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5 Monthly Dividend Stocks With 5%-Plus Yields

Align your income with your bills by parking your cash in companies that pay out dividends a little more frequently

By Charles Sizemore, Principal of Sizemore Capital

http://invstplc.com/1MPDO2K

Part of my job as an advisor is helping my clients sort out their finances. But even though I do this professionally, I sometimes have a hard time sorting out my own finances because my expenses are out of sync with my income.

dividend stocks interest ratesMy regular expenses tend to be monthly, whereas my income is mostly paid quarterly.

That has always been a major source of frustration to me, and it is no doubt a major source of frustration to millions of retirees living off of their investments. Bonds generally pay interest just twice per year, and most companies pay dividends quarterly. But again, our home mortgages, car loans, and credit card bills are due monthly.

Well, there’s an easy solution to this problem: monthly dividend stocks.

Today, I’m going to share five monthly dividend stocks that you can bank on to pay your monthly bills, but with a very important note first: You should never buy a stock purely because its dividend is paid monthly. Dividend safety and growth are far more important considerations.

Luckily, the following list has plenty of both.

Monthly Dividend Stocks: LTC Properties Inc (LTC)

Monthly Dividend Stocks: LTC Properties Inc (LTC)LTC Dividend Yield: 5%

I’ll start with LTC Properties Inc (LTC), one of my favorite plays on the aging of the baby boomers.

If you want to know what LTC does, just look at its name: “LTC” is short for “long-term care” — something that millions of baby boomers will be needing in the years ahead. 8,000 baby boomers turn 65 years old with every passing day, making this one of the most powerful trends in the world today.

LTC Properties invests in properties for providers or skilled nursing, assisted living, independent living and memory care. It also invests in mortgages secured by long-term care properties.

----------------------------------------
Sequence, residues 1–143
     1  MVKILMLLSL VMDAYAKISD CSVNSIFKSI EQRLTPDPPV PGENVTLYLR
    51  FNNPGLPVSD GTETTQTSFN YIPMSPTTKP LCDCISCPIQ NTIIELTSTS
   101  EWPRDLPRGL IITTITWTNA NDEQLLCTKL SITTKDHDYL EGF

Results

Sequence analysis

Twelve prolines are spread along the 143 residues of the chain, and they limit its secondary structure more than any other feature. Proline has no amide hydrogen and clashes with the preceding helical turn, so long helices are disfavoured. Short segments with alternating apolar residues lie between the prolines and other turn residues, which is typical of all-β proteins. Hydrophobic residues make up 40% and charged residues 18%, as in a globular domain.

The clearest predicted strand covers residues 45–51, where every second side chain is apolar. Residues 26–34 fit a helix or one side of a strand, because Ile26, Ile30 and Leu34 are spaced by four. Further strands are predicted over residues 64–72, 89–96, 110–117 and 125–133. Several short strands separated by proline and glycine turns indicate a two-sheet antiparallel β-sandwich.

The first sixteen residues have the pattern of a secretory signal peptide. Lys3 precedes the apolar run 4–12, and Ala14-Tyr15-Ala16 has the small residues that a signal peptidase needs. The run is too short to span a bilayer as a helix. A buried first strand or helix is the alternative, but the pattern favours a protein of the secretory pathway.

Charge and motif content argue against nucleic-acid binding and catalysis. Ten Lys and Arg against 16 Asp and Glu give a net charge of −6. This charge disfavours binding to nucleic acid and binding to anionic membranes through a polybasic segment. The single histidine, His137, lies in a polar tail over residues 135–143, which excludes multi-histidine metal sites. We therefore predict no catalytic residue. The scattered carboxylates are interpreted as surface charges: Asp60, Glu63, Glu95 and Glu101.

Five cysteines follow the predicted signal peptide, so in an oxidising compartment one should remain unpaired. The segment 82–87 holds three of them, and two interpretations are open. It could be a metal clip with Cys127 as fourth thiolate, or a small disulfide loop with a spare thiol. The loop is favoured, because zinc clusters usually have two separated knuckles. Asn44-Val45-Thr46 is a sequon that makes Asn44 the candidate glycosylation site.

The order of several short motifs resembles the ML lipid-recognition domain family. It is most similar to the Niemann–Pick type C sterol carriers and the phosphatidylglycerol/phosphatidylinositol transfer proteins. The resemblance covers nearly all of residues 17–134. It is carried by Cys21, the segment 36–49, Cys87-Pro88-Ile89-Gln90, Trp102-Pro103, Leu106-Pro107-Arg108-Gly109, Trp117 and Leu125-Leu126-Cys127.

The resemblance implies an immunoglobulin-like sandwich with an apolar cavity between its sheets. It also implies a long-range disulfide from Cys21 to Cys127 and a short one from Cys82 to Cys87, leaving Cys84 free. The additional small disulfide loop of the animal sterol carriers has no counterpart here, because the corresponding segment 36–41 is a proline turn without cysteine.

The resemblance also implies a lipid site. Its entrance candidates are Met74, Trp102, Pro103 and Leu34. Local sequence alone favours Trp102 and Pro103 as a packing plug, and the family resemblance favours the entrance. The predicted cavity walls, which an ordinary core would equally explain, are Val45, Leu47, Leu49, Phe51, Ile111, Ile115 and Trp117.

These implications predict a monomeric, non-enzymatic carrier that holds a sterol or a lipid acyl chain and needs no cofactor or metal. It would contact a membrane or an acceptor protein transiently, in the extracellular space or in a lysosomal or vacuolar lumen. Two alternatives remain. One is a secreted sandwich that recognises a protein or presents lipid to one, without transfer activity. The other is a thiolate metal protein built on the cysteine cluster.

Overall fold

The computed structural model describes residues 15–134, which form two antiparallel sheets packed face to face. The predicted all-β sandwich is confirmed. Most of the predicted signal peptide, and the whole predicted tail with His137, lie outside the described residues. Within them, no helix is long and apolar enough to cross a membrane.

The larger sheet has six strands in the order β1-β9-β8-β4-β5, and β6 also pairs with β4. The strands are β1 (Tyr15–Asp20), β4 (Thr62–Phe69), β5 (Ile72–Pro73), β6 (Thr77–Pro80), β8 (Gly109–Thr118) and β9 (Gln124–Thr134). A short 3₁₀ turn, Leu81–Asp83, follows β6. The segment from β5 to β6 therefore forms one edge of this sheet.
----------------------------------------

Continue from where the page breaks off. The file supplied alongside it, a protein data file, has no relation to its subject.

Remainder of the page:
Roughly four-fifths of LTC’s portfolio is invested in properties, with the remainder in mortgages.

LTC currently yields roughly 5% in dividends, which is very competitive among medical REITs. And importantly, if you want to make sure your monthly income continues to match your monthly expenses, LTC is a serial dividend raiser. LTC has hiked its dividend at a 5.5% annual clip over the past five years.

A monthly dividend stock with a track record of raising its dividends that also happens to be invested in one of the most powerful macro trends in the world?

If you can think of a better stock to include in a retirement portfolio, let me know. I’d love to hear it.

Monthly Dividend Stocks: Realty Income (O)

Monthly Dividend Stocks: Realty Income (O)O Dividend Yield: 5%

No list of monthly dividend stocks can be complete without the company that calls itself “the monthly dividend company” on its own website: Blue-chip retail REIT Realty Income (O).

I write about Realty Income quite regularly, and there is a reason for that. I consider it one of the very best dividend stocks a retiree can own. It’s about as stable and conservative as a stock can be, while still offering regular dividend growth. Realty Income has paid 538 consecutive monthly dividends, and has raised its dividend for 70 consecutive quarters. Not every dividend hike is a large one, but the stock has managed 5% compound annualized dividend growth for 20 years and running. That’s well ahead of inflation.

How can I be so confident in Realty Income’s stability?

To start, Realty Income isn’t really a “company.” It’s a mostly passive landlord with a portfolio of more than 4,300 properties, most of which are high-quality, high-traffic retail sites. A Walgreens (WBA) or CVS Health (CVS) pharmacy is a “typical” property for Realty Income.

Furthermore, Realty Income’s properties are leased on a triple-net basis, meaning that the tenants are responsible for paying all maintenance, taxes and insurance.

Realty Income’s stock price has taken a beating in 2015, down nearly 20% from its recent highs due to investor concerns about rising bond yields.

Use this as a buying opportunity in one of America’s finest divided payers.

Monthly Dividend Stocks: Prospect Capital (PSEC)

Monthly Dividend Stocks: Prospect Capital (PSEC)PSEC Dividend Yield: 13.1%